Stolen Treasure by Howard Pyle

Stolen Treasure

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3.67 — 3 ratings — 0 reviews

subjects: Action & Adventure

Description

One of the best swashbuckling adventures ever written: As for Captain Morgan, he went about his work with the utmost coolness and deliberation imaginable, unbuttoning the waistcoat and the shirt of the man he had murdered with fingers that neither twitched nor shook. There were a gold cross and a bunch of silver medals hung by a whip-cord about the neck of the dead man. This Captain Morgan broke away with a snap, reaching the jingling baubles to Harry, who took them in his nerveless hand and fingers that he could hardly close upon what they held.


194 pages, with a reading time of ~3.0 hours (48,626 words), and first published in 1907. This DRM-Free edition published by epubBooks, .

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Excerpt

Although this narration has more particularly to do with the taking of the Spanish Vice-Admiral in the harbor of Puerto Bello, and of the rescue therefrom of Le Sieur Simon, his wife and daughter (the adventure of which was successfully achieved by Captain Morgan, the famous buccaneer), we shall, nevertheless, premise something of the earlier history of Master Harry Mostyn, whom you may, if you please, consider as the hero of the several circumstances recounted in these pages.

In the year 1664 our hero’s father embarked from Portsmouth, in England, for the Barbadoes, where he owned a considerable sugar plantation. Thither to those parts of America he transported with himself his whole family, of whom our Master Harry was the fifth of eight children–a great lusty fellow as little fitted for the Church (for which he was designed) as could be. At the time of this story, though not above sixteen years old, Master Harry Mostyn was as big and well-grown as many a man of twenty, and of such a reckless and dare-devil spirit that no adventure was too dangerous or too mischievous for him to embark upon.

At this time there was a deal of talk in those parts of the Americas concerning Captain Morgan, and the prodigious successes he was having pirating against the Spaniards.

This man had once been an indentured servant with Mr. Rolls, a sugar factor at the Barbadoes. Having served out his time, and being of lawless disposition, possessing also a prodigious appetite for adventure, he joined with others of his kidney, and, purchasing a caraval of three guns, embarked fairly upon that career of piracy the most successful that ever was heard of in the world.

Master Harry had known this man very well while he was still with Mr. Rolls, serving as a clerk at that gentleman’s sugar wharf, a tall, broad-shouldered, strapping fellow, with red cheeks, and thick red lips, and rolling blue eyes, and hair as red as any chestnut. Many knew him for a bold, gruff-spoken man, but no one at that time suspected that he had it in him to become so famous and renowned as he afterwards grew to be.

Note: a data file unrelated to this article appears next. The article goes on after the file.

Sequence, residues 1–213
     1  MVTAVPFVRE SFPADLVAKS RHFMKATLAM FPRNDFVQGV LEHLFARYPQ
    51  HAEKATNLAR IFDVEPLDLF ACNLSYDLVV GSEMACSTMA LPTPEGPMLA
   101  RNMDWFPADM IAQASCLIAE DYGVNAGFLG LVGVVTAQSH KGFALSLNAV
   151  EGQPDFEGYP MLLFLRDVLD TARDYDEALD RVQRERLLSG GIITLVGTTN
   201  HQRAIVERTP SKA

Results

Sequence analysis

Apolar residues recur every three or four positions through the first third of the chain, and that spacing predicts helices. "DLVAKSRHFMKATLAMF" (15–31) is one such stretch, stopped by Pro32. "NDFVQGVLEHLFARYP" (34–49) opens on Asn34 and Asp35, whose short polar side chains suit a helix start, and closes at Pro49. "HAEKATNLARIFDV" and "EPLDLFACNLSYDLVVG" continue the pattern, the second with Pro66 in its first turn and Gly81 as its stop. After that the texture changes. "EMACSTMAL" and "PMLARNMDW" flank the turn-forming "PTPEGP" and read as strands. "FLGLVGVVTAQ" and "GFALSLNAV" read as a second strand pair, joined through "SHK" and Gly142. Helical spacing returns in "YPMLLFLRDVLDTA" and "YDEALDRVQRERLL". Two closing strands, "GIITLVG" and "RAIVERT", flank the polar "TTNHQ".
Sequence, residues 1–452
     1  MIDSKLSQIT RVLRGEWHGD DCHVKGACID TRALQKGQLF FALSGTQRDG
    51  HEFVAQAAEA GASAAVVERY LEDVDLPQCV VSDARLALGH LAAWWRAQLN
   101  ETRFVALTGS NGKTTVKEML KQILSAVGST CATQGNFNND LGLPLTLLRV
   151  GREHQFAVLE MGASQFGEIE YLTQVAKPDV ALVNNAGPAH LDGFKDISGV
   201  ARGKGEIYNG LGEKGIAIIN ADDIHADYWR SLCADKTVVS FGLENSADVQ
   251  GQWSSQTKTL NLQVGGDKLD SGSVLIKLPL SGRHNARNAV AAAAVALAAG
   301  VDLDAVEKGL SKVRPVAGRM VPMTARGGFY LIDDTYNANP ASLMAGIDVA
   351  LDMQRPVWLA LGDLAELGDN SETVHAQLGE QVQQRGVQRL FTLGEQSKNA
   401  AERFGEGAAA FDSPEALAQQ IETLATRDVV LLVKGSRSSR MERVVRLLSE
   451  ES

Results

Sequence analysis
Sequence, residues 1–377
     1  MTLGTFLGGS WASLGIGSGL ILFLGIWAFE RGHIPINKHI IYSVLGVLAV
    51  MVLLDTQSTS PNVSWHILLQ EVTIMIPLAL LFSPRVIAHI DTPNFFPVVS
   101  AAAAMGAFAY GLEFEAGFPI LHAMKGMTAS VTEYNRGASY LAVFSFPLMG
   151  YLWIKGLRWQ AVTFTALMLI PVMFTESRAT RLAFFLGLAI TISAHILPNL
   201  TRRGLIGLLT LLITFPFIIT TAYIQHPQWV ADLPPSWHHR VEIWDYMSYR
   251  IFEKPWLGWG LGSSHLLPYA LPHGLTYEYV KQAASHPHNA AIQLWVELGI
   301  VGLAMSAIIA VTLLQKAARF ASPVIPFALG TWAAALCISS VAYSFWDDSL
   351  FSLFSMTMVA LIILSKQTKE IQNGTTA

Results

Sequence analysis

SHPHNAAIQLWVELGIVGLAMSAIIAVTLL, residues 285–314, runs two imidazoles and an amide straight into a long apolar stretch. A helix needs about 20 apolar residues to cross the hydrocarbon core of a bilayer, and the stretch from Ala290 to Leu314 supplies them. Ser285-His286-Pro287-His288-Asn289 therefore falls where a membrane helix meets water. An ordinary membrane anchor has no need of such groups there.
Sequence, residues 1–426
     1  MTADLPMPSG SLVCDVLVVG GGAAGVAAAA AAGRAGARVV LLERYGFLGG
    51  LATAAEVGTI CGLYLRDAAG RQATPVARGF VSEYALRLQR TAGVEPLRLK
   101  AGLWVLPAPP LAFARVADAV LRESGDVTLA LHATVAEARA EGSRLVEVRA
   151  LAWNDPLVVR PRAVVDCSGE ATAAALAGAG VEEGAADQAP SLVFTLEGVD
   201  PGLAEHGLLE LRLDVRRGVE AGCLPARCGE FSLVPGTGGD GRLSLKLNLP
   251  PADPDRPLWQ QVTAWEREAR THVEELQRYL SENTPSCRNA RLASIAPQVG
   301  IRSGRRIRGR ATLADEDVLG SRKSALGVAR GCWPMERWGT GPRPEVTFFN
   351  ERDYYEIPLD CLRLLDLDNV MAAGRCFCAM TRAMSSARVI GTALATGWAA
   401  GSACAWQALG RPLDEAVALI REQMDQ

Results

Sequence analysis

The fame of his exploits had been the talk of those parts for above a twelvemonth, when, in the latter part of the year 1665, Captain Morgan, having made a very successful expedition against the Spaniards into the Gulf of Campeachy–where he took several important purchases from the plate fleet–came to the Barbadoes, there to fit out another such venture, and to enlist recruits.

He and certain other adventurers had purchased a vessel of some five hundred tons, which they proposed to convert into a pirate by cutting port-holes for cannon, and running three or four carronades across her main-deck. The name of this ship, be it mentioned, was the Good Samaritan, as ill-fitting a name as could be for such a craft, which, instead of being designed for the healing of wounds, was intended to inflict such devastation as those wicked men proposed.

Here was a piece of mischief exactly fitted to our hero’s tastes; wherefore, having made up a bundle of clothes, and with not above a shilling in his pocket, he made an excursion into the town to seek for Captain Morgan. There he found the great pirate established at an ordinary, with a little court of ragamuffins and swashbucklers gathered about him, all talking very loud, and drinking healths in raw rum as though it were sugared water.

And what a fine figure our buccaneer had grown, to be sure! How different from the poor, humble clerk upon the sugarwharf! What a deal of gold braid! What a fine, silver-hilted Spanish sword! What a gay velvet sling, hung with three silver-mounted pistols! If Master Harry’s mind had not been made up before, to be sure such a spectacle of glory would have determined it.

This figure of war our hero asked to step aside with him, and when they had come into a corner, proposed to the other what he intended, and that he had a mind to enlist as a gentleman adventurer upon this expedition. Upon this our rogue of a buccaneer Captain burst out a-laughing, and fetching Master Harry a great thump upon the back, swore roundly that he would make a man of him, and that it was a pity to make a parson out of so good a piece of stuff.

Nor was Captain Morgan less good than his word, for when the Good Samaritan set sail with a favoring wind for the island of Jamaica, Master Harry found himself established as one of the adventurers aboard.